“When I tried heroin for the first time,” Weiland recalled in 1998, “it seemed to make all those insecurities just go away. I suddenly felt: ‘Wow, this is how normal people feel on a day-to-day basis.’” Within a year he was spending upwards of $3,000 a week on smack.
It goes without saying that if the drugs didn’t work, people wouldn’t take them. And initially, Weiland found that heroin not only removed his anxiety, but also fed into his carefully cultivated, elegantly wasted rock star persona and inspired a bracing new experimentalism. He attributed much of his creativity during the sessions for Stone Temple Pilots’ second album, Purple, to smack
“Heroin gave me this ability to distance myself from the creative process and thereby gave me the strength and courage to try new things,” he told Classic Rock. “Part of me felt I couldn’t be creative unless I was high.”
At the age of 24, the singer graduated from smoking heroin to injecting the drug. He spoke about his first intravenous shot in flowery spiritual aphorisms. “It’s like what they talk about in Buddhism, that feeling of reaching enlightenment,” he told Esquire.
“They say there’s a golden glow that goes from your fingers all the way through every appendage and into the pit of your stomach. That’s what it felt like to me. Like I’d reached enlightenment. Like a drop of water rejoining the ocean.
”It didn’t take long for Weiland to lose what little control of his habit remained. In 1995, two days out of another rehab, police busted him for possession of heroin and cocaine. After Janina bailed him out, he fled her car at a stop light and disappeared for days while shooting dope with Courtney Love. Stone Temple Pilots scrapped a 1996 tour, claiming that their singer had “become unable to rehearse or appear for these shows due to his dependency on drugs”.
With STP forced into hiatus, Weiland channelled his experiences into his first solo record, 12 Bar Blues, an unsparing examination of his addiction.
But things were getting worse. In 1998, police arrested Weiland copping dope in a New York housing project. A drug-related probation violation landed him five months in jail. Later years would bring more arrests for drink-driving, battery and possession.
His erratic behaviour would also see him parting from both STP (once in 2002 after a druggy backstage blowout with Dean DeLeo, and again in 2013 when the band fired him amid crippling tensions) and Velvet Revolver, who jettisoned Weiland in 2008, citing the singer’s “increasingly erratic on-stage behaviour and personal problems”.
For anyone who has never struggled with drugs, it may seem baffling that someone with Weiland’s money and resources would repeatedly relapse. But addiction specialists would counter that the first time he injected heroin he lost the ability to choose; that unless he found something that gave him the same ease and comfort as drugs, relapse and death were inevitable.
For Scott Weiland, drugs weren’t his problem, but his solution. Take away that solution and you’ve got an emotionally ravaged man, tormented by untreated mental illness, whose every misstep is trotted out into the headlines for ridicule, judgment and scorn. For a few dollars and a needle, he could make it all go away. Weiland himself admitted that the reason behind his chronic relapsing was simple. “I never wanted to quit,” he told Esquire. “I saw narcotics as something I needed in order to function. I believed I was born with this particular chemical deficiency that only opiates could fulfil. My basic thought was: How can all you people want to keep me away from the one medicine that could keep me from blowing my head off?”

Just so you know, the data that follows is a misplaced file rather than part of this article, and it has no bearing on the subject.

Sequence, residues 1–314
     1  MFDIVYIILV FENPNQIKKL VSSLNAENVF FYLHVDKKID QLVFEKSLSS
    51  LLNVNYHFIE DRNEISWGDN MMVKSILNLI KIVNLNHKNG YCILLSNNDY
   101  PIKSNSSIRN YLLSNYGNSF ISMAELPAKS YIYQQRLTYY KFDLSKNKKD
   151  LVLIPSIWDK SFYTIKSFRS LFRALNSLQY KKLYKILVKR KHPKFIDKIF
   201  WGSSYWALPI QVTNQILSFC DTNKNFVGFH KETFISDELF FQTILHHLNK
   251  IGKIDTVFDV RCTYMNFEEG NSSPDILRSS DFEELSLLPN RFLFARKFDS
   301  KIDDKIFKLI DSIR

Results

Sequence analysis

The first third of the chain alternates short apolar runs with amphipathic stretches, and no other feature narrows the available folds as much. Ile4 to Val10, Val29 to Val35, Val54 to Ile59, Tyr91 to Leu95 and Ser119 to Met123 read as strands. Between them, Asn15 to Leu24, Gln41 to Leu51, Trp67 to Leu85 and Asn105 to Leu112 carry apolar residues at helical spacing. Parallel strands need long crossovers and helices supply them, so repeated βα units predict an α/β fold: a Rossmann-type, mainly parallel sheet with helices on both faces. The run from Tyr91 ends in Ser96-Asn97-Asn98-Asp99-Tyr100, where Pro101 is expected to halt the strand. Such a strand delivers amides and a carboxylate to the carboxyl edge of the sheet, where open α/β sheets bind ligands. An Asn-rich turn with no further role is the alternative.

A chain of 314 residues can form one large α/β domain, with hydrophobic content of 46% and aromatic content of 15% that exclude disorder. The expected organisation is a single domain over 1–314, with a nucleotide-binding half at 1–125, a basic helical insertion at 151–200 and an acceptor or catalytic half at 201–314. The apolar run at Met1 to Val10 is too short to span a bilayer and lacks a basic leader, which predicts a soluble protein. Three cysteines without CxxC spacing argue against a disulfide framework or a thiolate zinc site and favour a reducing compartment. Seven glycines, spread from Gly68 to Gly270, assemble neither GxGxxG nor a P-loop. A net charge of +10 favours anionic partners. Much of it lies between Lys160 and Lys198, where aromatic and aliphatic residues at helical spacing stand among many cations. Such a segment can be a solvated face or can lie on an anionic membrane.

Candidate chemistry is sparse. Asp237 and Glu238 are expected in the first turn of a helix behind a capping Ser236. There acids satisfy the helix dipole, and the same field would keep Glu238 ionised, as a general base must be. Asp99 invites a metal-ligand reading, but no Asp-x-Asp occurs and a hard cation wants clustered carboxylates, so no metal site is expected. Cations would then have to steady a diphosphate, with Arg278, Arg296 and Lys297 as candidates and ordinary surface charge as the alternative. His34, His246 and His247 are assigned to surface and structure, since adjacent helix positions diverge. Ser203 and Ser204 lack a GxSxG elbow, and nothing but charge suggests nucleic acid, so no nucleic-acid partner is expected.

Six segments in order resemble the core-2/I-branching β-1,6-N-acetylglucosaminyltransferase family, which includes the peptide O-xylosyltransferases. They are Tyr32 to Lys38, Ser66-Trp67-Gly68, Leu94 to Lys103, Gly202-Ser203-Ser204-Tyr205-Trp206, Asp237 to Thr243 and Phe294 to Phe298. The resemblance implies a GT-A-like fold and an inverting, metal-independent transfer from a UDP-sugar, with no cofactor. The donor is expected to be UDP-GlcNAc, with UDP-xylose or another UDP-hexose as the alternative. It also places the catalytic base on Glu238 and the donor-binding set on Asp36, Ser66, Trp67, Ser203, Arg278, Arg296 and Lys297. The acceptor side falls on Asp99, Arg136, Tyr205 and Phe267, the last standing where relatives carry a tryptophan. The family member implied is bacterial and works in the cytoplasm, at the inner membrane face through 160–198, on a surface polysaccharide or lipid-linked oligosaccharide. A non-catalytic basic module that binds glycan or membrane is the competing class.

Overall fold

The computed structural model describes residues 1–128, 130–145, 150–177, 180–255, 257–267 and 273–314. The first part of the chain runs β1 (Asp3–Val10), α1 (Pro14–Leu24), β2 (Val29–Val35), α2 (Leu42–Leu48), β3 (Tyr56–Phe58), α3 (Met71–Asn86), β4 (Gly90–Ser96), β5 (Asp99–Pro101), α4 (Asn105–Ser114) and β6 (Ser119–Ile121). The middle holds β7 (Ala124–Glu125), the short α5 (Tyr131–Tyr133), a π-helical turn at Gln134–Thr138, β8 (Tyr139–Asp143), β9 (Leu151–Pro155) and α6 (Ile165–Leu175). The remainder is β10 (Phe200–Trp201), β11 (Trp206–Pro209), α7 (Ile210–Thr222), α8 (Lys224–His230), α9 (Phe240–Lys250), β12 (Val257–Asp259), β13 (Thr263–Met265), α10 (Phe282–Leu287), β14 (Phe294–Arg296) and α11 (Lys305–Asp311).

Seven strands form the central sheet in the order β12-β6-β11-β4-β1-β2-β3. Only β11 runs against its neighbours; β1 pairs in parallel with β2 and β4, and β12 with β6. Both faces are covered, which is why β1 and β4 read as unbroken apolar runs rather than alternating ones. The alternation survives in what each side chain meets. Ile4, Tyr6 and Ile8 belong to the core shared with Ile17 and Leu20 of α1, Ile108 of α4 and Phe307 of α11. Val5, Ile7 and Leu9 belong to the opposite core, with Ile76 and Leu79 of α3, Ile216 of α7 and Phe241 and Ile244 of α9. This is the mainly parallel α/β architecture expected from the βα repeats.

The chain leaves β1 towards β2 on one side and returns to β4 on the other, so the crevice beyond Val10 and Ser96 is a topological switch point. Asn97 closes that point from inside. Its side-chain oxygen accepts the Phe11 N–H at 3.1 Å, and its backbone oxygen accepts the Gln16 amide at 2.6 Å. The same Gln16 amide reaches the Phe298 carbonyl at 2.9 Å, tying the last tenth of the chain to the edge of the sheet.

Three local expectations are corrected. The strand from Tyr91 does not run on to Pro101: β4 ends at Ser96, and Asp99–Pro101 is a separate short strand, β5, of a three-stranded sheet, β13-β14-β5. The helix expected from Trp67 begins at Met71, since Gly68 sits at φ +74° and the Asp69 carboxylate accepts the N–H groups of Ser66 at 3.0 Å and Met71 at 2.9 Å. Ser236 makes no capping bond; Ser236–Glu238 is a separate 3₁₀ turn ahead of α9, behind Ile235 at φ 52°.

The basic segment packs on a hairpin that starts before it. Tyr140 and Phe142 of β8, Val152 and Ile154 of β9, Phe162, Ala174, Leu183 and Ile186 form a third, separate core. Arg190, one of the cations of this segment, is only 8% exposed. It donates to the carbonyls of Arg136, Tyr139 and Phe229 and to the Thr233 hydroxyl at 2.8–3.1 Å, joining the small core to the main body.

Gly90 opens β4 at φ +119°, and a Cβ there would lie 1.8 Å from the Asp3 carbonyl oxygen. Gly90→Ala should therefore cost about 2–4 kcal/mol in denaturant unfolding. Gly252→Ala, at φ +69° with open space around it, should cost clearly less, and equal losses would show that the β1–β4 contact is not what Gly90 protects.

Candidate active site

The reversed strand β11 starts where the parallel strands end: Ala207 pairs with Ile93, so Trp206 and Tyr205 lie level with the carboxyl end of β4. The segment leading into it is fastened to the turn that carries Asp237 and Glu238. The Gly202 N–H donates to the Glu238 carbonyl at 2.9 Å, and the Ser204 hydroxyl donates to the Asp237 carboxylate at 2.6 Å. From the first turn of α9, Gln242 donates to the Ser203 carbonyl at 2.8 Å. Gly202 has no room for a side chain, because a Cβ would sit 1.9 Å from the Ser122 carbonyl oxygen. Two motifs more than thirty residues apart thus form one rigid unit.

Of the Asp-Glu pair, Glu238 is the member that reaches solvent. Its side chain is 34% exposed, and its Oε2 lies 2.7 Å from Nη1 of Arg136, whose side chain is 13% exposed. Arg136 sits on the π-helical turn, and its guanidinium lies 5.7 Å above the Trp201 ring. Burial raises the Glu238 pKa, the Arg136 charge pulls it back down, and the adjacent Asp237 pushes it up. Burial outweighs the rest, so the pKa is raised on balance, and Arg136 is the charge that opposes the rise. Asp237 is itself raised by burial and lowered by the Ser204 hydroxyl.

He would spend the rest of his life locked in an agonising cycle of relapses, rehabs and brief stretches of sobriety. Sadly, by the beginning of 2015 all signs pointed to a new cycle of relapse.
On December 3, Weiland and his Wildabouts limped into Bloomington, Minnesota to discover that their show had been cancelled due to poor sales. The man who once held stadiums transfixed could not even sell 100 tickets.
Just before 9pm on December 3, in a hotel parking lot just south of Minneapolis, Scott Weiland was found dead in the bunk of his tour bus. He was 48. He had finally hit rock bottom.
As Classic Rock went to press, the cause of Weiland’s death remains unconfirmed, although early police reports suggest it was a “possible overdose”. An array of drugs were found on his tour bus, including cocaine, marijuana, bipolar medication and anti-anxiety medication for treating addiction. Wildabouts bassist Tommy Black was arrested at the scene on drug charges.
Weiland was no apologist for his behaviour. Even as far back as the 90s he had admitted that he was entirely responsible for his actions and his recovery. “There’s no way you can place the blame on anyone but yourself, although, because I am a drug addict, I don’t believe I have control over what I do when I start using it, because I feel totally powerless,” he said. “But I’m still accountable for what happens.”
A few days after his death, Weiland’s second wife, Mary Forsberg, wrote a jagged open letter to Rolling Stone magazine. “Noah and Lucy never sought perfection from their dad,” she wrote. “They just kept hoping for a little effort. If you’re a parent not giving your best effort, all anyone asks is that you try just a little harder and don’t give up.”
Her comments underscore the heartbreaking truth: that among the singer’s family, friends and bandmates, in the end it seemed that the one who cared least about Scott Weiland’s sobriety was the man who needed it most.